All of this translates to less travel. My cousin in the very Northern part of Maine would talk about driving late at night down to Bangor, which is over 100 miles from where he lives to get food. Those days are over. Now you can find any dining you want just up the street. Why drive and burn time and gasoline when you can just walk up the street?

All of this translates to less time on the road, and less of the bad things that happen on the road.

But remember, guns are the problem…because we can’t look at facts that don’t fit the narrative!

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4 Responses to Interesting Study On Cars

  1. Bob S. says:

    When I was a teenager, back in the pre-historic days of the 70s/80s, we couldn’t wait to get our driver’s licenses.
    Want to talk to a friend; parents had a limit on the land line. Yeah, most of us just had one line we had to share with everyone. Now days, just about ever family member has their own phone. And in some homes still a land line.

    Want to know what people are up to? Either go to their house, a friends house or some public venue to discuss it. Was no Instagram, Twitter, Facebook, etc

    My kids grew up in a completely different environment and still it was evolving. 10 years ago, my oldest got her license at 16 because “Xanga” or “MySpace” wasn’t social enough for her — that and she wanted to buy her own clothing.
    My middle child didn’t get his license until 6 months into his enlistment in the Marine Corp. He was nearly 19. Before that, social media filled in mostly. He had some friend who drove and would shuttle him around. The Youngest Child got his license just before he turned 18 but rarely drove.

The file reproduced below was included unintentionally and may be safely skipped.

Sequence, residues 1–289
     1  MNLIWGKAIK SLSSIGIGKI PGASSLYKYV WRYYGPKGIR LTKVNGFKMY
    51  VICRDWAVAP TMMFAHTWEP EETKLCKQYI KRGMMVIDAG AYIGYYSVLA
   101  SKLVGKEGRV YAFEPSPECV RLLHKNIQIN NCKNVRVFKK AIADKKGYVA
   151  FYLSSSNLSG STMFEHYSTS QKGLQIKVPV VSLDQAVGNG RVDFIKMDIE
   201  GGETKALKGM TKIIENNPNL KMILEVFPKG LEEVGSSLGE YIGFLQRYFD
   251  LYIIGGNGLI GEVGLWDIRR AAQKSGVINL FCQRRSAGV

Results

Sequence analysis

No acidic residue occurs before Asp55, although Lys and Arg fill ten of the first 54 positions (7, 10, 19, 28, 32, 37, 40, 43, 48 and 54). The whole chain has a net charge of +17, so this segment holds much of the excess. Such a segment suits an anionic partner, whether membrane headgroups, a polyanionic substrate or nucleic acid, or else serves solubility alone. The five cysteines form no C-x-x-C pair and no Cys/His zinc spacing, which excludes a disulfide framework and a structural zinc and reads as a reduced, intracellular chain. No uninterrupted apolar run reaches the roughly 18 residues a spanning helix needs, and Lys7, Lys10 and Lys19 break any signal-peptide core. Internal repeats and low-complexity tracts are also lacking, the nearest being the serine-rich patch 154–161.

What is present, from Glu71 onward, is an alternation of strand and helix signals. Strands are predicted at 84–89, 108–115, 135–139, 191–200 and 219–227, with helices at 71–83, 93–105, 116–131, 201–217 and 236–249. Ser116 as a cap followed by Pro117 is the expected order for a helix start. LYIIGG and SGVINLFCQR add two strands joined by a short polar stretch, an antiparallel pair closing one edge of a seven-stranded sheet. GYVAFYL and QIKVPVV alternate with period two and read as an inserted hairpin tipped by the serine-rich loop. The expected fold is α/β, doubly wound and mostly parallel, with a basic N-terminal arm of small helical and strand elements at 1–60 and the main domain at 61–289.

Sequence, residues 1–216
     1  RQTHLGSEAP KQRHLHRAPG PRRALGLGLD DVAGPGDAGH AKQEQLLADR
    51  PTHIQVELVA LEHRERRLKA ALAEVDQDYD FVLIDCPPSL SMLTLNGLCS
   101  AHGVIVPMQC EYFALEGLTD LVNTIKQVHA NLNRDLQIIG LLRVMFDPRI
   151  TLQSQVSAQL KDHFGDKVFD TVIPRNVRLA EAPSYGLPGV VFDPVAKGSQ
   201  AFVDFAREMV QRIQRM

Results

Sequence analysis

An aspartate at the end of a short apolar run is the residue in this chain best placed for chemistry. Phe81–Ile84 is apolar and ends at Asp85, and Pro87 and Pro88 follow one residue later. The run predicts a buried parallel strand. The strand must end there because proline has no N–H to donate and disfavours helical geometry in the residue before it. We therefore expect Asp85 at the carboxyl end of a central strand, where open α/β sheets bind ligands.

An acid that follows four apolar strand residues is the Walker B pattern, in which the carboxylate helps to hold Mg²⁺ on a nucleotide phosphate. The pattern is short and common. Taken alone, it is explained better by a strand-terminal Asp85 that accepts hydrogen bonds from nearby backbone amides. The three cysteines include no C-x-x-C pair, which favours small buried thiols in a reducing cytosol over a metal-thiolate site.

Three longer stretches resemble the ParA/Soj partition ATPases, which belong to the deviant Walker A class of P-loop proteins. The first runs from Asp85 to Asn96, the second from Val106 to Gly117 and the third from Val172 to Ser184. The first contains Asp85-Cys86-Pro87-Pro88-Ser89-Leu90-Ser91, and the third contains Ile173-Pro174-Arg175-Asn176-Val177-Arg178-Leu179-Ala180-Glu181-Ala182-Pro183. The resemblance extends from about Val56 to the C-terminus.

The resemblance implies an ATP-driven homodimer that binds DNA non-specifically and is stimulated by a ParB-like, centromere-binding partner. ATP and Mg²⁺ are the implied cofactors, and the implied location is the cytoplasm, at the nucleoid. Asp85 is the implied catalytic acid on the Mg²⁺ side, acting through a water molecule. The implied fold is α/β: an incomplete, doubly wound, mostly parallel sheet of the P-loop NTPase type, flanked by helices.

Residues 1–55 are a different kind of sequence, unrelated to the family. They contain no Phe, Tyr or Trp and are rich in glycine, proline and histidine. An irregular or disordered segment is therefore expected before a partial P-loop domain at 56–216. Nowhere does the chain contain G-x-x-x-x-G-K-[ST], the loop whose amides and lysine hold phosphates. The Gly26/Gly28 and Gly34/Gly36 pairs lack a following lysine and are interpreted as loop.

I personally don’t like to talk on the phone, hate texting with a passion and got onto social media just to keep up with friends.

    Now contrast the results of that study with firearms and see if fewer people are shooting, carrying and keeping firearms. (Here’s an ancedote; our gun club has grown from 1,850 members to nearly 2,600 — with a sizeable percentage of them new shooters — in just 7 years)

  2. Archer says:

    Also note that with less driving comes less “car death”, an effect compounded by younger, less experienced drivers driving less, leaving the older, more experienced drivers on the road.

    Contrast that with gun ownership rates on the rise, combined with the number of guns sold continually breaking records, CCW license numbers going through the roof, and “Gun Culture 2.0” being a relatively young crowd, and the worst thing – the absolute worst thing – they can say is that “Gun Death!” rates will remain static?

    How’s THAT for “Settled Science”! 🙂

  3. P Karpouzas says:

    It’s funny how it goes. Young and can’t wait to get your licenses. 50 years later, you just can’t wait to get off the roads. I’m sick of driving. I don’t even want to drive my performance cars anymore. The fun of driving has been taken away by law regardless of the vehicles we drive. Id rather catch a bus these days